By Lauren Cohen
Posted March 19, 2010 10:24
South Carolina House members argued overnight Wednesday over the $5 billion state budget. They finally approved the measure that includes a $104 million cut from public education.
Orangeburg and Bamburg Representative, Bakari Sellers was one of the last representatives to leave the state house early Thursday morning. Along with being exhausted he was also very disappointed with the outcome.
"We're laying off teachers, were laying off correctional officers, but it's a wide spread problem that deals more with fifteen years of bad fiscal policy that came to a head and bad tax policies," said Sellers.
South Carolina Superintendent of Education and gubernatorial candidate Jim Rex was critical of the budget decision.
"No one is going to escape the carnage of what the house passed last night, he said."
Rex says schools across the sate will feel the impact if the Senate passes the proposed cuts. He emphasized the severity of these cuts when he said there wouldn't even be enough money to run school busses after March of next year.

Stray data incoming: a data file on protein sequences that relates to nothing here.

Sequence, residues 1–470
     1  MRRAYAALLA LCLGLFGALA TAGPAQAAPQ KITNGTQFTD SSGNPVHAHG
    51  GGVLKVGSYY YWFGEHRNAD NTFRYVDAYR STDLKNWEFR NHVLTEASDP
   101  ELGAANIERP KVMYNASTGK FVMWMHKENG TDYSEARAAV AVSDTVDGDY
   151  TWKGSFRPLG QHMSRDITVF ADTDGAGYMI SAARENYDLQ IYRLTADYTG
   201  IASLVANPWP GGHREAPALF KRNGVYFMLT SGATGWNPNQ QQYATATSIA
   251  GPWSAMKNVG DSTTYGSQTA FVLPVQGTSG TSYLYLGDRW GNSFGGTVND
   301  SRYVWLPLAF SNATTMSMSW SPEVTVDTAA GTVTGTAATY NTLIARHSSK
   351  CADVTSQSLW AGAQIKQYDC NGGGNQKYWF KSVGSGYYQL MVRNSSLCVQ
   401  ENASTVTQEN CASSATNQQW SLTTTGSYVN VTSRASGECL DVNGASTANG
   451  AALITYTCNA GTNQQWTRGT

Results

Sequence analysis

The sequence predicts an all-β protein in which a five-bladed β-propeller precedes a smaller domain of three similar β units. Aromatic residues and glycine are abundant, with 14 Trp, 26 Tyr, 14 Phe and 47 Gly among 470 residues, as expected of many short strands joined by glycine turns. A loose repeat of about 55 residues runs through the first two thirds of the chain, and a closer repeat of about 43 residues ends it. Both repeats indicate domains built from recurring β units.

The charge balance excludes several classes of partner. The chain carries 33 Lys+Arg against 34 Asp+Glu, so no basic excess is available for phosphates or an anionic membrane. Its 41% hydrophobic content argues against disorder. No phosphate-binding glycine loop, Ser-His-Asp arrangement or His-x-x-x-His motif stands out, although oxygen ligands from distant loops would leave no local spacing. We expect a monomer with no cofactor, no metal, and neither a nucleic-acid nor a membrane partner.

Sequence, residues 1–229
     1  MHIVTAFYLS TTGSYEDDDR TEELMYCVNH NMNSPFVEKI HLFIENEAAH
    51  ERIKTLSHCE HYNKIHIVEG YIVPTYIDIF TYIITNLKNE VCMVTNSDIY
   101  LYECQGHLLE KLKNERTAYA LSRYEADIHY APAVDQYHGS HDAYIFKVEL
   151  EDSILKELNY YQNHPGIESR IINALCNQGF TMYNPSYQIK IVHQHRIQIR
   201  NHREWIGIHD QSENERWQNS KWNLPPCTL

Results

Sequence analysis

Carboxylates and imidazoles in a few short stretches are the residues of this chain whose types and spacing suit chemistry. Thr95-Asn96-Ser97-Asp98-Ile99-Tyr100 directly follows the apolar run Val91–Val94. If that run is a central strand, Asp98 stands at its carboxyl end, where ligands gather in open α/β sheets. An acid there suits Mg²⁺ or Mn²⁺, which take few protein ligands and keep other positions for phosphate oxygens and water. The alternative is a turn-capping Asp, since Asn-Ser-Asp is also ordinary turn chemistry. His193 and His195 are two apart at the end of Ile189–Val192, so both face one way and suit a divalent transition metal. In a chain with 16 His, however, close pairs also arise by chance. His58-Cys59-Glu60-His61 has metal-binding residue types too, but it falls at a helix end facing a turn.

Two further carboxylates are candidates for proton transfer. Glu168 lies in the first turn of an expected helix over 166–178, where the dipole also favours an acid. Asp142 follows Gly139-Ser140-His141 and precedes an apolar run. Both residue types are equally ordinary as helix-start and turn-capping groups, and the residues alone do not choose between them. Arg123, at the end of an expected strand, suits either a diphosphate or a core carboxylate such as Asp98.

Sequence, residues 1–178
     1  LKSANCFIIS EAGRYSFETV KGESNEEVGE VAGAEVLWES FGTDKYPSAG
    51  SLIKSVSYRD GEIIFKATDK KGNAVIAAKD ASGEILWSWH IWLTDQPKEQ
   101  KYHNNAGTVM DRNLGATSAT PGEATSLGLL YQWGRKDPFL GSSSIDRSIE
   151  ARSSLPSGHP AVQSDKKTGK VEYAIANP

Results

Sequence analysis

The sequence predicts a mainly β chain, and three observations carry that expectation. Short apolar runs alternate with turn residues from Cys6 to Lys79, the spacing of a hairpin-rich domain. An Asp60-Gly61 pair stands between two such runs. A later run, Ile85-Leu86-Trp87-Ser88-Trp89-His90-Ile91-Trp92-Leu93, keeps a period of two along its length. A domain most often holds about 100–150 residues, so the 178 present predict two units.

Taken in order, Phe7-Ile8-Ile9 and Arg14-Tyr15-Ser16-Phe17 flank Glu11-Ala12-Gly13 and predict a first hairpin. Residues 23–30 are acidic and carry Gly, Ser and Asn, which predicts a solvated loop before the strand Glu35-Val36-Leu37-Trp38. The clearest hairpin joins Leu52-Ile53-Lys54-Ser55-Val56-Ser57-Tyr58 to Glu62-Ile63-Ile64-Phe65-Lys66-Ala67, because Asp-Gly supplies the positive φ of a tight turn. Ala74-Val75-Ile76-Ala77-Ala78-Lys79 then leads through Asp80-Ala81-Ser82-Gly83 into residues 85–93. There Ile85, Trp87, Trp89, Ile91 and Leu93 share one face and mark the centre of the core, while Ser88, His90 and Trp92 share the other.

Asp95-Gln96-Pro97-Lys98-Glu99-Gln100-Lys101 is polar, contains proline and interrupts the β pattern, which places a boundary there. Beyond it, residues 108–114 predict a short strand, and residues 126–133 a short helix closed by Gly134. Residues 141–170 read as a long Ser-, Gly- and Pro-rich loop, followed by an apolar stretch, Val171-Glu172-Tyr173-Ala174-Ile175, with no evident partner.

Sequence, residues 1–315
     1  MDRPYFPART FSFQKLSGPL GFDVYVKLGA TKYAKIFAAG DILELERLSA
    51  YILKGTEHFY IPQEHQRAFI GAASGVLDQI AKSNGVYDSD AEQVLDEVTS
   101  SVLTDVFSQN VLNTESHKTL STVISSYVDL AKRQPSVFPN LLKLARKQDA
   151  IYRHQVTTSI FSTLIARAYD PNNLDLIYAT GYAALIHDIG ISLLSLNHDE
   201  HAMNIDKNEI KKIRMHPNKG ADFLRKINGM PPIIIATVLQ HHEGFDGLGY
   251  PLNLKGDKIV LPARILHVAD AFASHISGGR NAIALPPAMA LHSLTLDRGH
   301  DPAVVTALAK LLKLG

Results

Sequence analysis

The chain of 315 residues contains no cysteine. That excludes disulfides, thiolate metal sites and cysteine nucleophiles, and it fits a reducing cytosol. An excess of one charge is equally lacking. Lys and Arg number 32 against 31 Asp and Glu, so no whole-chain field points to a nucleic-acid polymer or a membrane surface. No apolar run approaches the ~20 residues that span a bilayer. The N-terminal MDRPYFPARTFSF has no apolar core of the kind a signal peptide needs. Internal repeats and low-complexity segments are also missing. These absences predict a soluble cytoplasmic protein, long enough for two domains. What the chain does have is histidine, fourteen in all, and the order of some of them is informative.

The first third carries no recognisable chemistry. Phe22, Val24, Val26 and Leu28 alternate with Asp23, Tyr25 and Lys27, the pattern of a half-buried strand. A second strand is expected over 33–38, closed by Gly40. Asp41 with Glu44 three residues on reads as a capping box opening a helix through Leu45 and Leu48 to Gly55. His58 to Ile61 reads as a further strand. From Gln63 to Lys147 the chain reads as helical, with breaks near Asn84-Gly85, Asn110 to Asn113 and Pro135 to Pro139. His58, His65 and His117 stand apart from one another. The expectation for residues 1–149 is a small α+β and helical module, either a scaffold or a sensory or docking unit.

Public schools have already felt the financial squeeze last year's cuts.
Last year, fifteen million dollars was cut from Richland County One School District's budget because of cuts in state money. Richland One spokesman Karen York is worried about how the school district will handle further cuts.
"When we have budget reductions and cut after cut after cut, it becomes increasingly difficult to be able to make those kinds of reductions with out having a significant impact on the staff," she said.
The cuts will cause a chain of problems. York says the school will run into a major problem if more teachers have to be laid off and the number of student keep increasing.
The bill is now in the hands of senators and Rex say's he's concerned about the final measure.
"I'm hoping in the Senate we will see a different outcome, we won't though unless people demand it, most of our elected officials and this isn't just a South Carolina, it's everywhere, are primarily interested in getting re-elected," he says.
Rex says many state officials are only thinking about getting re-elected. He wants lawmakers to increase the state cigarette tax to a $1.24 per pack and use the money to prevent teacher layoffs and keep school busses running.